Consumer inflation hits highest pace in 38 years in metro Denver

Metro Denver consumer prices are inflating at the fastest rate since 1983, putting a squeeze on household budgets that will be harder to escape, according to a bimonthly update from the U.S. Bureau of Labor Statistics on Friday.

The Consumer Price Index for the Denver-Aurora-Lakewood area rose 6.5% over the past year in November, which is up from a 4.5% annual pace in September and a 3.5% annual pace in July.

It marks the highest inflation rate measured in metro Denver since a 6.8% annual increase in May 1983.

Metro Denver’s inflation rate came in below the 6.8% annual pace measured nationally in November. That rate was the highest in 39 years.

“If you are younger than 40 years old, then you have never experienced such high inflation,” said Lawrence Yun, chief economist with the National Association of Realtors, in comments on Friday’s inflation numbers.

Yun expects that rising inflation could force the Federal Reserve to push up interest rates, which in turn could drive up housing costs, the largest cost category for consumers, via higher mortgage rates. The cost for shelter is up 4.9% the past year in metro Denver.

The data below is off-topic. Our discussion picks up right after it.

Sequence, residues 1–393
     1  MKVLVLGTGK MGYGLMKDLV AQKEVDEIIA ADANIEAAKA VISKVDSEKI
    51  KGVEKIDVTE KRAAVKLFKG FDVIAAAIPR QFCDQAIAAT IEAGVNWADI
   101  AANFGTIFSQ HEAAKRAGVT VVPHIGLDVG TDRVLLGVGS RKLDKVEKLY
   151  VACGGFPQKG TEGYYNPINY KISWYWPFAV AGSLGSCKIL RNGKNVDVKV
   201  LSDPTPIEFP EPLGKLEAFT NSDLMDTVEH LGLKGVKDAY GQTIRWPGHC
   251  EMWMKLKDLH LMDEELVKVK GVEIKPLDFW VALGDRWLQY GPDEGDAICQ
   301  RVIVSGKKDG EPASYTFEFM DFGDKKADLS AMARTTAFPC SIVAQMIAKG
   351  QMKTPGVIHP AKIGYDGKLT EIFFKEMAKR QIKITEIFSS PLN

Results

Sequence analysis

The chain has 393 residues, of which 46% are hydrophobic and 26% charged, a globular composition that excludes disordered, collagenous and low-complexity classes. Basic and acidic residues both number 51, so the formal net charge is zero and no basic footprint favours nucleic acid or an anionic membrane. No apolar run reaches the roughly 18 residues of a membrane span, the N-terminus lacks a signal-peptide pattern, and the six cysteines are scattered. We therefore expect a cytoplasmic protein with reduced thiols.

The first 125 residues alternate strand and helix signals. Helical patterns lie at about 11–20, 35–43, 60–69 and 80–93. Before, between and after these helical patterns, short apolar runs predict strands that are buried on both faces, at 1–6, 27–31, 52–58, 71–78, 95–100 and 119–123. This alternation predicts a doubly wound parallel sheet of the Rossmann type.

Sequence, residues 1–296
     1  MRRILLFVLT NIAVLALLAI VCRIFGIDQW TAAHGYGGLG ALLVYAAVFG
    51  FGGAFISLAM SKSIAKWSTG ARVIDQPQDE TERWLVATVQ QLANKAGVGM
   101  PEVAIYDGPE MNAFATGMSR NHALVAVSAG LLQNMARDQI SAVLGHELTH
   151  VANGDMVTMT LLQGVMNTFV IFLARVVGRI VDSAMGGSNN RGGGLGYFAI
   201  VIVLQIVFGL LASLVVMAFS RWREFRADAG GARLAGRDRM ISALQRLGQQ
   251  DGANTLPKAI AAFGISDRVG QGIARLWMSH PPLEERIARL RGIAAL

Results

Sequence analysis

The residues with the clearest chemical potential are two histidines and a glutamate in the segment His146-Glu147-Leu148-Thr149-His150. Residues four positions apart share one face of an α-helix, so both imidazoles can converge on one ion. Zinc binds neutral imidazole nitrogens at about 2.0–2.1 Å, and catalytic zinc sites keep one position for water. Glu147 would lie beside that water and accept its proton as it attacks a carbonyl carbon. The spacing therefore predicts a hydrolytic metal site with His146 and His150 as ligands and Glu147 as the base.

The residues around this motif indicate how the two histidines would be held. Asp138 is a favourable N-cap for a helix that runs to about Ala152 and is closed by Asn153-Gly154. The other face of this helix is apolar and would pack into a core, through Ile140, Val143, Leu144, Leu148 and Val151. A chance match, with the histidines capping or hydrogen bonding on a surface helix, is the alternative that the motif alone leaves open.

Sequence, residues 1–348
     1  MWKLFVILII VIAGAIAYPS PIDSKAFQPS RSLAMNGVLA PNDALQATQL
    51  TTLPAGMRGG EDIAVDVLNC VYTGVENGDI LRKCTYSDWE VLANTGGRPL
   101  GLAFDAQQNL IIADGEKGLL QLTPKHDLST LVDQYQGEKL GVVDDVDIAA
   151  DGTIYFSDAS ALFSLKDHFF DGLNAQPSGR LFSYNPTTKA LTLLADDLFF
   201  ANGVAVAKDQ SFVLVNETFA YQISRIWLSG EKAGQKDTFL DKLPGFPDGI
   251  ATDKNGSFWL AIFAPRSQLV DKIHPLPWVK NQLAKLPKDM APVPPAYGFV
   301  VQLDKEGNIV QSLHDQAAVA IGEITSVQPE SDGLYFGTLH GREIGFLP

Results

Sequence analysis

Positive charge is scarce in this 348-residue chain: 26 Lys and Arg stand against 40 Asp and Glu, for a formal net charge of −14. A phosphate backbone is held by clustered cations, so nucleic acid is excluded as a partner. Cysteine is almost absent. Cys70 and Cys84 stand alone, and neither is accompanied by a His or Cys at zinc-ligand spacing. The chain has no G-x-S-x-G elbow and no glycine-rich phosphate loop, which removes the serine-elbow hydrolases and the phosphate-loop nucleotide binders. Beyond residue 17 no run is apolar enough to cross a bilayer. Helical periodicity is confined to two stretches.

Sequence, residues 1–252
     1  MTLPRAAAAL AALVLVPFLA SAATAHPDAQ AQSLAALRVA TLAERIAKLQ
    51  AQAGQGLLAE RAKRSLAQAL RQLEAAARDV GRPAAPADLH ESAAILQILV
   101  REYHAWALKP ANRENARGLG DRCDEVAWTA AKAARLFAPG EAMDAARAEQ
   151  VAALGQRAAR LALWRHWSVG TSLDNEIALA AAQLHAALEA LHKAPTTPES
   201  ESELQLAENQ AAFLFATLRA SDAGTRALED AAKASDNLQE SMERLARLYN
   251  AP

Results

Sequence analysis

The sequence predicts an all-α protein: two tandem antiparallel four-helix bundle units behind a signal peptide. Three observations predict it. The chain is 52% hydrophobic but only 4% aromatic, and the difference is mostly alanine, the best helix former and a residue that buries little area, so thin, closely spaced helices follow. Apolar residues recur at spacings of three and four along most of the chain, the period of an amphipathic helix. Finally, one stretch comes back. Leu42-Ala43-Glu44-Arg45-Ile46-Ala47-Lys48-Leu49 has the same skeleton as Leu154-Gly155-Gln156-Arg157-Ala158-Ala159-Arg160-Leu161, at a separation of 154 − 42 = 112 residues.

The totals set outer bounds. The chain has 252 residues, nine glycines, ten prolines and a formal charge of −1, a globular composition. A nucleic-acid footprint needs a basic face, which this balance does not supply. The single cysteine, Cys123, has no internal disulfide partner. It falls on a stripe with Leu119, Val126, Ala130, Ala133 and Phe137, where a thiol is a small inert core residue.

Gasoline prices are the source of the greatest sticker shock up 63.9% the past year. But gasoline prices were down 3.3% between September and November, a sign they may have topped out.

But price increases are coming in another energy commodity — natural gas. Although the Denver index doesn’t itemize natural gas, prices are up 25% nationally and household energy costs are up 7.5%, while electricity costs are up a more modest 2.4%.

Used car prices continue to defy gravity, up 32.6% over the past year and 5.2% the past two months alone, a sign that shortages in the vehicle market don’t appear to be easing.

A separate study from, a vehicle search engine, estimates used car prices are up 23.5% year-over-year in metro Denver, which has added $6,082 in additional costs compared to a comparable sale a year earlier.

The food price index for Denver was up 4.4% the past year, with food at home costs up 2.8% and the cost of eating out up 6.7%.

Among food items, price increases were highest for meat, poultry, fish and eggs, up 6.5%, followed by baked products and cereals, up 3.6%. Dairy products were nearly flat, up 0.3%, while prices for fruits and vegetables were down 1.2% the past year.

Other areas with annual price gains above the 6.5% overall inflation rate include auto insurance, up 6.7%; clothing, up 8.1%; non-durable goods, not including food, up 17.1% and durable or long-lasting goods up 10.9%.

Core inflation, or consumer items less energy and foods, is up 5.2%.

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